However, it is true that in general terms, at least before push comes to shove, such firms are the 'sheriff' of their own platforms. And it is conceivable that there could be a substantial gap in time, and a significant amount of individual consumer detriment - mild or otherwise - before any arbitrary, inconsistent or harmful exercise of corporate discretion is corrected by some kind of mass user "action". But of course this phenomenon occurs even in the context of highly regulated businesses all the time - e.g. retail financial services, as Financial Ombudsman statistics demonstrate. Offline retailers and distributors also decide not to distribute certain products on their own whim, or due to informal pressure from certain interest groups.

So the responsiveness of a service provider to its users, and the legality of its behaviour, does not seem to be a function of how that service provider or its services are regulated. But is users' trust or faith in the provider a function of the type of regulation that applies to the service?

Jonathan looks at various models for keeping the private sheriffs honest, e.g. vicarious liability for harmful material of which the service provider is on notice (see PanGloss), public law constraints on municipal authorities and 'due process' requirements. But, crucially, he points out that when users start to feel powerless they look to top-down bodies for help - i.e. towards the top left of the quadrant - when perhaps the online world is demonstrating there are more trustworthy solutions to the lower left and right. To the lower left, Jonathan cites the adherence to the robots.txt exclusion standard, whereby researchers effectively agree not to interrogate certain parts of web publisher's domains. To the lower right, he cites the broad editorial body of interested participants in Wikipedia. Either solution might be safer than entrusting control to, say, government institutions that think nothing of bending or breaking the law under the guise of detecting crime, or the vague notion of "national security".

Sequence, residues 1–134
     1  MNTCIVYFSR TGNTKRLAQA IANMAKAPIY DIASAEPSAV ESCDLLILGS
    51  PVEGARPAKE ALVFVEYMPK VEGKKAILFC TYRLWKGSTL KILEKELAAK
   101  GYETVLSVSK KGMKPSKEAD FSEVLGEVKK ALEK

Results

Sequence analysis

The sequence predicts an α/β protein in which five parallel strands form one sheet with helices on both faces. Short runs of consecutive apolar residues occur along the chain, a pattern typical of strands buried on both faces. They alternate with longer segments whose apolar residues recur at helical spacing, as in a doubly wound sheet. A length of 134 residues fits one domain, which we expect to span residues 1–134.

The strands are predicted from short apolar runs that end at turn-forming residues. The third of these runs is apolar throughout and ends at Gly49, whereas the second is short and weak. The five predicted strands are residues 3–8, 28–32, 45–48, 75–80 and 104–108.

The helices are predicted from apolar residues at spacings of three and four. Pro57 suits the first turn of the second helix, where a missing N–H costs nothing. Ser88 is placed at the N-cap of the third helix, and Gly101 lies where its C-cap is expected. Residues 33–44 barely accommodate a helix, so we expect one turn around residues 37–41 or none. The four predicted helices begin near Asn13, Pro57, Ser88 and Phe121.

And here's the crux of the problem. When does a trusted service provider suddenly cease to be trusted to make and enforce its own rules?

To me, this seems to me to be answered by whether the service provider is perceived to be acting in its own interests or that of its users - or when it loses its "human effect", as I think Jonathan put it in answer to a different question. Here, the Wikipedia example is an interesting one. As Jonathan noted there is a constant preoccupation amongst the Wikipedia editorial community about what Wikipedia is and what it means to be a Wikipedian. This has also been touched on in the context of brands striving to be facilitators rather than institutions. Is this human element necessary for rule-makers and service providers to preserve users' trust in them?